The Yankees’ toughest competition in AL East might be the Blue Jays

DUNEDIN, Fla. — It’s spring training. Perhaps the most bizarre of all times, not involving substitutes.

For example, less than two weeks ago, Jordan Montgomery met teenagers at his alma mater, Sumter (SC) High School. On Tuesday, he started his strange show season for the first time, coinciding with the rescheduled deadline for him and over 100 other arbitration-eligible players to reach agreement on a 2022 contract or file number for a hearing. The left said it was distracting and his agent Scott Boras was upset he even had to serve on what was an important day of the hearing.

But even with all the elements downplaying the relevance of results, it was hard to overlook what Montgomery wasn’t missing — namely, the bats of the Blue Jays’ mostly “A” lineup. George Springer, Bo Bichette, Vlad Guerrero Jr. and Lourdes Gurriel opened the first inning with scorched hits and Matt Chapman shot a sacrificial fly. Montgomery was knocked unconscious. Since this was a bizarre spring, he was allowed back in in the second inning and was knocked out again.

Yes, Montgomery was trying to refine a fastball he wouldn’t throw in certain regular season counts. But that lineup is atrocious, a March 22 calling card for the atmosphere in which the Yankees will once again operate in the AL East. Four teams won at least 91 games last year, and those four — the Rays, Red Sox, Yankees, and Blue Jays — are considered four of the top six teams in the AL this year by pretty much every projection model or gambling site.

Yankees starting pitcher Jordan Montgomery delivers a pitch to Toronto Blue Jays shortstop Bo Bichette in the second inning of a spring training game on Tuesday, March 22, 2022.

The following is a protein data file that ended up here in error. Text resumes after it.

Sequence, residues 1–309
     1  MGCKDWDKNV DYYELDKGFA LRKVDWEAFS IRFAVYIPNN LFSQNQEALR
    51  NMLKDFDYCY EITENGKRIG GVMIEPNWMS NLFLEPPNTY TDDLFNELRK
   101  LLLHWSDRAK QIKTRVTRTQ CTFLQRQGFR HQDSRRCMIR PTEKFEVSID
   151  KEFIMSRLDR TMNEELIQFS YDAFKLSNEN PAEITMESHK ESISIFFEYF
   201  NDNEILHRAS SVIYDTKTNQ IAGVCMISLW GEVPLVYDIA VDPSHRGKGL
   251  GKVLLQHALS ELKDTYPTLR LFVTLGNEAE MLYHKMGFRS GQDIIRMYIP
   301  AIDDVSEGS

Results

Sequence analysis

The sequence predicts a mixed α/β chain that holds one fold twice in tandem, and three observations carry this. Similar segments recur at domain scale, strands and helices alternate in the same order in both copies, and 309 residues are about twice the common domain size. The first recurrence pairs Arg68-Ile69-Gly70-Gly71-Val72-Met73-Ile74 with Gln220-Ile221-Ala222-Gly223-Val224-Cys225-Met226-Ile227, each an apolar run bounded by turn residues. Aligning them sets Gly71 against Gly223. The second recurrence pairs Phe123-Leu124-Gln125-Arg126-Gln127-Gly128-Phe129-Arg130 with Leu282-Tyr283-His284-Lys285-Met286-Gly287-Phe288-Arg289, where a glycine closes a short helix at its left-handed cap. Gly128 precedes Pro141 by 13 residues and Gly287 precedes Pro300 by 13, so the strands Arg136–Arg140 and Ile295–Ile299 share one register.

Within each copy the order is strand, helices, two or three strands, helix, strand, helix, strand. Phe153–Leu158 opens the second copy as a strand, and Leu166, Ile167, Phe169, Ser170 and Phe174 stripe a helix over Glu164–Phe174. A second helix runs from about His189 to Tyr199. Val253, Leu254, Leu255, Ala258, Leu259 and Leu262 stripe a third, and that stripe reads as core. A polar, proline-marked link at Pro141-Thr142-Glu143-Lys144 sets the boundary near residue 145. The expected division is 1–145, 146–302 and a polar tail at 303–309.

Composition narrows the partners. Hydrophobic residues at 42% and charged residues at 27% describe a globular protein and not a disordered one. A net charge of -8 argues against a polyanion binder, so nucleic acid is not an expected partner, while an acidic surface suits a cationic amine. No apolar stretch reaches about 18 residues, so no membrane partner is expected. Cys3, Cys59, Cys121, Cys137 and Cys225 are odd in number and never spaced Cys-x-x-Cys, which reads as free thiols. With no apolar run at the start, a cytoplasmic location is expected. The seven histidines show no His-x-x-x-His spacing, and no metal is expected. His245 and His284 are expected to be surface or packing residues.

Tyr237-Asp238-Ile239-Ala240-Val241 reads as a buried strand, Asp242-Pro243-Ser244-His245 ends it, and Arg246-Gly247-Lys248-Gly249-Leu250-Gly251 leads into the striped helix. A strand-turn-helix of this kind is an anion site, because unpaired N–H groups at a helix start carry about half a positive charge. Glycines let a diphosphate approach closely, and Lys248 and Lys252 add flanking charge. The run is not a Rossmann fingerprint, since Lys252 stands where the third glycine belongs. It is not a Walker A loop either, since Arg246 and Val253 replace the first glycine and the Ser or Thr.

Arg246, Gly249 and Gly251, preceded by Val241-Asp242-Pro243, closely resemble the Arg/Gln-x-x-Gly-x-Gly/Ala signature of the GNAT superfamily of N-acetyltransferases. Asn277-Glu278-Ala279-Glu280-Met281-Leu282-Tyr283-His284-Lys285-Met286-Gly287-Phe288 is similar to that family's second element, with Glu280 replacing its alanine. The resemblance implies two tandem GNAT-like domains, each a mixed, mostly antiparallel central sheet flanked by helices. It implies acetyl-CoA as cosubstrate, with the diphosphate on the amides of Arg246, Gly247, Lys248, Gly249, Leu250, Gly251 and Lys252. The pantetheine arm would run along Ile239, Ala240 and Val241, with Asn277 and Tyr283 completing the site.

Yankees pitcher Jordan Montgomery delivers a pitch to Blue Jays shortstop Bo Bichette.
Charles Wenzelberg/New York Po

In 2022, when the playoffs expand to six teams in each league, maybe everyone can get in (Toronto missed last year). Anyway, Blue Jays President Mark Shapiro described this gathering as follows: “The Division is a beast. They have one of the best run franchises around [Rays] in professional sports. They make outstanding decisions and get the best out of their players and how to use them and how to plan and develop games. They have two of the most robust markets [New York and Boston] who are also well managed and make good decisions. And we are happy to now have the feeling that we are at the level of these teams.”

The Blue Jays are the flavor of the month in many ways. Which is intriguing because AL Cy Young winner Robbie Ray joined the Mariners via free agency, as did Marcus Semien, who converted his third MVP spot into a seven-year, $175 million pact with the Rangers. But Toronto still has the second-seeded MVP finisher at Guerrero, trading for powerful third baseman Chapman, who may be the best defensive player in the game. Kevin Gausman, sixth in last year’s NL Cy vote, was signed to replace Ray and Yusei Kikuchi was also added.